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Article
May 1975

Lobular Carcinoma of the Breast in Situ: Are We Too Radical in Its Treatment?

Author Affiliations

From the Fourth Surgical Division (Drs. Dall'Olmo and Ponka) and the Department of Pathology (Dr. Horn), Henry Ford Hospital, Detroit. Dr. Riu is in private practice in Barcelona, Spain.

Arch Surg. 1975;110(5):537-542. doi:10.1001/archsurg.1975.01360110083015
Abstract

Twenty-four patients (average age, 46 years) with 29 instances of lobular carcinoma in situ of the breast have been treated from 1952 to 1971 at the Henry Ford Hospital (incidence, 1%). Six patients had bilateral lesions, one synchronous and 5 metachronous.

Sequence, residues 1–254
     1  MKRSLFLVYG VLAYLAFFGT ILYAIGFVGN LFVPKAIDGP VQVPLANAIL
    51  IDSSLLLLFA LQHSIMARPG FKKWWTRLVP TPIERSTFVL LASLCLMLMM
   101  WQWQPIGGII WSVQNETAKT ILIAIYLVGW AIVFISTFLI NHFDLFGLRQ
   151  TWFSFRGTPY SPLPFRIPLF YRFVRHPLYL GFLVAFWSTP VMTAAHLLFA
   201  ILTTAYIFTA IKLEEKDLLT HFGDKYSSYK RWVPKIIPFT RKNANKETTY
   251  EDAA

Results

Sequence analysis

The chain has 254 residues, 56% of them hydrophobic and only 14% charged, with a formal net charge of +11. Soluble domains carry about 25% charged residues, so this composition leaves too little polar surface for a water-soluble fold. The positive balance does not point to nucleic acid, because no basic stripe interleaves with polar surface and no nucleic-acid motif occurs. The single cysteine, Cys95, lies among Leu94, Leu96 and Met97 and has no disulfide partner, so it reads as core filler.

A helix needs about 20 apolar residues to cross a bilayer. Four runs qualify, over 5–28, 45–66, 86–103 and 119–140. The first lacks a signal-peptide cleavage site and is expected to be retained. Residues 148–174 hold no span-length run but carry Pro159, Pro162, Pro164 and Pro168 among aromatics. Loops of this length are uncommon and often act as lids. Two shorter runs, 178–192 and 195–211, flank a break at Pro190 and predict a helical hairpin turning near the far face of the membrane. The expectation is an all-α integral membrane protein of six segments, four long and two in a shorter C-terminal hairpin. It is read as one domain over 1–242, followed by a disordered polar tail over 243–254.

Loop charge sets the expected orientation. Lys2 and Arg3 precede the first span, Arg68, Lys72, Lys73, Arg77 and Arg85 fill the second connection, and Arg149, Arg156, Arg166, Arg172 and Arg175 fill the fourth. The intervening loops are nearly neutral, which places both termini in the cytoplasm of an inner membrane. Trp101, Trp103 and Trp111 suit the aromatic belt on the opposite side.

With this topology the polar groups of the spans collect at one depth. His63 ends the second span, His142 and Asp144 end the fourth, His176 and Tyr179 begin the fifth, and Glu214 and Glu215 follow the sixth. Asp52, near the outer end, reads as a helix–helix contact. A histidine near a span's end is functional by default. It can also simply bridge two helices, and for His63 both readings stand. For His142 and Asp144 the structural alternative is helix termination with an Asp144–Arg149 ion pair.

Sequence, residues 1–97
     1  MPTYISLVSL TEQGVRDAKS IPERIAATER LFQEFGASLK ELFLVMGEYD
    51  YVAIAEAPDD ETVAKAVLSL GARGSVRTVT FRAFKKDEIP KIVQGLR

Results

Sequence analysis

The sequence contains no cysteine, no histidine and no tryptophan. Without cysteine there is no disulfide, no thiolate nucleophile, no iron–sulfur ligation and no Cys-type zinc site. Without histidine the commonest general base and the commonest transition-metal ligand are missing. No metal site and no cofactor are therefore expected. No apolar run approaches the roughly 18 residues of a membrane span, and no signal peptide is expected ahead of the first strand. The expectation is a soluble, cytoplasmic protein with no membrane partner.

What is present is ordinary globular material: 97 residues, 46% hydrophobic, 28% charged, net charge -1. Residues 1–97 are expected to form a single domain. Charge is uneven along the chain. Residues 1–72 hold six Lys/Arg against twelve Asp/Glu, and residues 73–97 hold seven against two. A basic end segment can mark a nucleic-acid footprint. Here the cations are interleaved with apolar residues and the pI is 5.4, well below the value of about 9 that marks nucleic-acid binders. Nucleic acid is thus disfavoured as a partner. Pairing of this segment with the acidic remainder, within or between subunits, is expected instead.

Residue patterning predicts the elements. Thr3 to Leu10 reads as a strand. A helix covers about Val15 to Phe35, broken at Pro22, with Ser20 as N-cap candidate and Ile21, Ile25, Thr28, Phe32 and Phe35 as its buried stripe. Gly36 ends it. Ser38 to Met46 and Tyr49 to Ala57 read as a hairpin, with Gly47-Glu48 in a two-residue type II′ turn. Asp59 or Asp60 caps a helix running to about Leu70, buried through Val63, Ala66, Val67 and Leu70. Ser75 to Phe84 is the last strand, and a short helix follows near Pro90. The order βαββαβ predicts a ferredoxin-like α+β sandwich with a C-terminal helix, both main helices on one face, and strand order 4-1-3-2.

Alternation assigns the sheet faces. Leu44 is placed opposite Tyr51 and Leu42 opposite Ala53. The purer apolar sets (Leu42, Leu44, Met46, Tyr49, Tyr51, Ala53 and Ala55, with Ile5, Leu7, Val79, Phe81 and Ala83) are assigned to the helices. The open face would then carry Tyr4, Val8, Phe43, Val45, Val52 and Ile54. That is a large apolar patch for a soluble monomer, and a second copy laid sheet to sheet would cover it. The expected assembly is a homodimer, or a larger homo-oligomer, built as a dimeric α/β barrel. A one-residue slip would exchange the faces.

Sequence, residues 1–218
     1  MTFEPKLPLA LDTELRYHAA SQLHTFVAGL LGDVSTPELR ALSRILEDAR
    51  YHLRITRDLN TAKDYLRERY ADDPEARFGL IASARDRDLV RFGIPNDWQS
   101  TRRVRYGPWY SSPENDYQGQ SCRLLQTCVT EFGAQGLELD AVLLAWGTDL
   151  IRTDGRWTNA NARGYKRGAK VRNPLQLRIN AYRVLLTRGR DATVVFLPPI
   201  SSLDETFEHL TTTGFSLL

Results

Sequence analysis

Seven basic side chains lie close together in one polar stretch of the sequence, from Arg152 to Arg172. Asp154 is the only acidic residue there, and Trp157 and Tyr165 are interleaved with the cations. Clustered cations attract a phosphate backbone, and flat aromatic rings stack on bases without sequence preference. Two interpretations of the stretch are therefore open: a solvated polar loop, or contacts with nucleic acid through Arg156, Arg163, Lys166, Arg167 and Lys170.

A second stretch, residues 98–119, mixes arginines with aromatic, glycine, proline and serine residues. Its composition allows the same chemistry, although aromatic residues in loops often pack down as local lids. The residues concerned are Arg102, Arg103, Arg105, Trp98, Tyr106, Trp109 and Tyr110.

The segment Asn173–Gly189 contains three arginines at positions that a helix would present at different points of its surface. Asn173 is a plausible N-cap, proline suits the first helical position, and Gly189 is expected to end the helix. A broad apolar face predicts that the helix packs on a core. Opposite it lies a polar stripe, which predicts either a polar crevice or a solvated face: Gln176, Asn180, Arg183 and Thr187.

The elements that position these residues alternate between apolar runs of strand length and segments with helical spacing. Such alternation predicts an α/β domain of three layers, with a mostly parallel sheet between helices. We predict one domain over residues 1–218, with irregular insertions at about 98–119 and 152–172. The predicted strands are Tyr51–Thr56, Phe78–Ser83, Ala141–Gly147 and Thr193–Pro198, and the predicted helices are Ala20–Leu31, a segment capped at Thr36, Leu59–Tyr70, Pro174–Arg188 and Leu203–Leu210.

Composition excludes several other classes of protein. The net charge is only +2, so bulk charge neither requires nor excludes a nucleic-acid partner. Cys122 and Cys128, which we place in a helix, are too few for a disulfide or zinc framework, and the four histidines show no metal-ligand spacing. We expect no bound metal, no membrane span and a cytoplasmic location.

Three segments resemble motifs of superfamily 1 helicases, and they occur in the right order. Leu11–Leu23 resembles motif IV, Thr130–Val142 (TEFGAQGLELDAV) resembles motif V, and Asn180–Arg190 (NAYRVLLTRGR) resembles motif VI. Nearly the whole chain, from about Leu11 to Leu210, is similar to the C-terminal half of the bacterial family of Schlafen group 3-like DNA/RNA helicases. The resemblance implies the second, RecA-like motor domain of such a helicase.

The initial complaint in 23 of 24 patients was a mass in the breast. Diagnosis was based on permanent histologic section as mammography and frozen section analysis were inconclusive.

Treatment consisted of radical mastectomy in six, modified radical mastectomy in five, and simple mastectomy in 20. All lymph nodes recovered showed no metastatic disease. All patients are alive and well with no evidence of disease.

Based on our experience, we recommend a simple mastectomy for treatment of lobular carcinoma in situ with contralateral biopsy examination in those instances when clinical or roentgenographic evidence suggests a pathologic process.

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